These pale, spindly things you see below are tulips. I discovered them while digging out a flower bed amid the vast expanse of gravel in my back yard. After I removed the gravel and lifted the plastic, my heart actually wrenched at the sight of them. For over a year, they had been buried under the crushing weight of several inches of pea gravel and heavy, black plastic. But that didn’t seem to deter them from doing what they were meant to do – grow.
|Two tiny tulips that were growing under heavy, black plastic and several inches of gravel.|
The plan is to save as many of the beautiful plants that are scattered throughout the yard as I can. In order to move the gravel efficiently, I’m going to need some help and I’ve decided that the best help will be to hire a bobcat to come in and move it for me. The problem is that there is no way that a bobcat can do that with all those plants in the way, so they have to be moved. There is nowhere to move them to, so I have to create places for them. Thus the manual digging out and making of garden beds so a bobcat can work around them safely. I hope.
For the last two days I’ve been shovelling gravel and piling it up at the side of the house in order to open a space to move some of the plants to. My back and shoulders are aching and my hands are dry and mud-stained. I’ve had too many encounters with worms and bees and errant gravel falling back into places that I don’t want it to be. I want to curl up on the couch with a book or a movie, instead of hefting wheel barrows full of rock from one place to another. I also want a nice yard with a labyrinth.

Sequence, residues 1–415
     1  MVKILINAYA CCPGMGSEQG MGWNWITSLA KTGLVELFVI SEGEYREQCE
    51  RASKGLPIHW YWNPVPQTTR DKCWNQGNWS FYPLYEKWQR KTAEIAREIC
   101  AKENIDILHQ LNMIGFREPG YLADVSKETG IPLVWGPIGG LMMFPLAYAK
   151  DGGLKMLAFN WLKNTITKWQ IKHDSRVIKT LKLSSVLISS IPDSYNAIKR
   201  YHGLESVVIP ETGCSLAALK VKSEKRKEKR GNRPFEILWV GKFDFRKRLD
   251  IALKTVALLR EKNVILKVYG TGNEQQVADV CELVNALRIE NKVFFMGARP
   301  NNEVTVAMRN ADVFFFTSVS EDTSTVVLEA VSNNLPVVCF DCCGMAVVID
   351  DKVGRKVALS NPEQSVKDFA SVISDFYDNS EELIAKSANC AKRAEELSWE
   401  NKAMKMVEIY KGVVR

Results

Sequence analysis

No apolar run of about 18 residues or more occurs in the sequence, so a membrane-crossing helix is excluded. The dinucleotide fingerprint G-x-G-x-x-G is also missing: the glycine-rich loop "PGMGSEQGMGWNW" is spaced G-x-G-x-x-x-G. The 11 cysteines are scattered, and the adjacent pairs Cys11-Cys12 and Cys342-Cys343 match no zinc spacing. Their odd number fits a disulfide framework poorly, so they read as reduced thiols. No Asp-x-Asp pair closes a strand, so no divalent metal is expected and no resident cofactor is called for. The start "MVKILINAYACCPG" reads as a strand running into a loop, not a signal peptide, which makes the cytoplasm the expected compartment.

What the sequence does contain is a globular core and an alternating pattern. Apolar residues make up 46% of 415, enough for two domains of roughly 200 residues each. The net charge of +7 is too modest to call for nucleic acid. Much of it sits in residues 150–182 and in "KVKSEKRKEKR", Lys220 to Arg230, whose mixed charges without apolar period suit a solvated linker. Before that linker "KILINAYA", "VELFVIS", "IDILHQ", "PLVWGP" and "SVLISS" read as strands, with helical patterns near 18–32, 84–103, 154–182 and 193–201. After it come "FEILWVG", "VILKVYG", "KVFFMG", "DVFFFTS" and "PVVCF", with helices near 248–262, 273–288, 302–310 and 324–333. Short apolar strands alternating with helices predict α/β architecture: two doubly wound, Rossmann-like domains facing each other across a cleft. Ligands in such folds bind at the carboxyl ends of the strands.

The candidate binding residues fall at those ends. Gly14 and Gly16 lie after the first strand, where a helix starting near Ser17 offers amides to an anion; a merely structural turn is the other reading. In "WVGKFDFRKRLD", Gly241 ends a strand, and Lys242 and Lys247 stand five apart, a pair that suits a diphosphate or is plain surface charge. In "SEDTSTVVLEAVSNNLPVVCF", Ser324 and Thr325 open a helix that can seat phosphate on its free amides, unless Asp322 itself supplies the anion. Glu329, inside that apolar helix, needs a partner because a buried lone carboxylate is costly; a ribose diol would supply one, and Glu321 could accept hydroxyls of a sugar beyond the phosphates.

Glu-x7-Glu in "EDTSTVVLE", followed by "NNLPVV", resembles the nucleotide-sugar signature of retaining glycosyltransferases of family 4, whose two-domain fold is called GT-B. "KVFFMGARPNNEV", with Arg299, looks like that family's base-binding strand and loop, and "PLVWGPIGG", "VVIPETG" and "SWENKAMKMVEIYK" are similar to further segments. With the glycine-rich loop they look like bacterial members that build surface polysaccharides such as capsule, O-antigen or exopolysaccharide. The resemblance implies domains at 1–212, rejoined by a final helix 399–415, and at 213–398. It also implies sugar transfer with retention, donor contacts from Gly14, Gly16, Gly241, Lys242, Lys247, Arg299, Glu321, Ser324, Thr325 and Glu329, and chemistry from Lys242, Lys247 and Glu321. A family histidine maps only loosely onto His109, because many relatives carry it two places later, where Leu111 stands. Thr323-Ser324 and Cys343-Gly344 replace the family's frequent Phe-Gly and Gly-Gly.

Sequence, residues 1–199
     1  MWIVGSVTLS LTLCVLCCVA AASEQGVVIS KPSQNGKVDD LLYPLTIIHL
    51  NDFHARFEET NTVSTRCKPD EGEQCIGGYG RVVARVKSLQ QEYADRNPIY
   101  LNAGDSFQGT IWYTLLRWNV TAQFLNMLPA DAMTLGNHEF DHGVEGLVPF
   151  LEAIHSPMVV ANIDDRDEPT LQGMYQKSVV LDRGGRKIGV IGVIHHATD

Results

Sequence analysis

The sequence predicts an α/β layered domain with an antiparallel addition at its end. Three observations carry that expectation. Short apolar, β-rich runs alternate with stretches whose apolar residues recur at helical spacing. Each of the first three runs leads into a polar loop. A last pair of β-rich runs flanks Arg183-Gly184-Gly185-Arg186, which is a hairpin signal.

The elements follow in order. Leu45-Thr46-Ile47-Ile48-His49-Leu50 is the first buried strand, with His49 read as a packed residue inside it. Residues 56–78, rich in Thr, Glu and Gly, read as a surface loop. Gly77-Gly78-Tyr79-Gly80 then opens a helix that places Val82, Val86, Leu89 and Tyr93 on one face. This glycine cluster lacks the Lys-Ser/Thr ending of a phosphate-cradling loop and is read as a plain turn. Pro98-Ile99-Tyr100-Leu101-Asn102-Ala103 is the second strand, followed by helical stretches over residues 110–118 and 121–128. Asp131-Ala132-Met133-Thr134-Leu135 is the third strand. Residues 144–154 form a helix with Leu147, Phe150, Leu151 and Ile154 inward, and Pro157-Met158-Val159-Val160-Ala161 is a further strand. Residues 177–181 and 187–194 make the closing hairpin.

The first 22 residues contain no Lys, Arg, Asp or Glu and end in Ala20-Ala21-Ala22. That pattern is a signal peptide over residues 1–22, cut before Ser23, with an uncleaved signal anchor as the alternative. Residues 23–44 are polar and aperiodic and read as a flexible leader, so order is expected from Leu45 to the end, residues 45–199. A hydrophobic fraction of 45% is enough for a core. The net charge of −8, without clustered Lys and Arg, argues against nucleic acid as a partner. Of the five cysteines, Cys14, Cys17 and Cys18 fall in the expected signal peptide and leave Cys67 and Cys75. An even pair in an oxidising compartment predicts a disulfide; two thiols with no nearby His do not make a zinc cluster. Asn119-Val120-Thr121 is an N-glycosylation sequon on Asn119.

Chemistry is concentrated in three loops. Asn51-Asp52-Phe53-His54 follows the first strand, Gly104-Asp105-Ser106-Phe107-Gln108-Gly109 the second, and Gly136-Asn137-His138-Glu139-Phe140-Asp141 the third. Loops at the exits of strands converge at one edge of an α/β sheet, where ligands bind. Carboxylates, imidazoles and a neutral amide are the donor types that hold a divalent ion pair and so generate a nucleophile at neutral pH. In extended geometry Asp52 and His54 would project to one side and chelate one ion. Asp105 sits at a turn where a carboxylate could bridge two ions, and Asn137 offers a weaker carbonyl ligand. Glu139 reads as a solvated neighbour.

This yard thing seems to be a new journey for me. I have no map, only a vague notion of what the destination will look like. My only guide is my belief in the dream of making a labyrinth and the intuitive voice in my head egging me on. And these tulips are clearly a sign that I cannot give up. I cannot stop just because it would be easier. I cannot let this dream slip away.
I can, however, summon patience and discipline and determination and keep going. I can take each small step on this journey with grace and gratitude. I can do this. I will do this. The pain will pass. The fatigue will pass. The sense of accomplishment, though, will be something that will last a long time.
Amazing, isn’t it, how two pale and spindly tulips can teach such a profound lesson?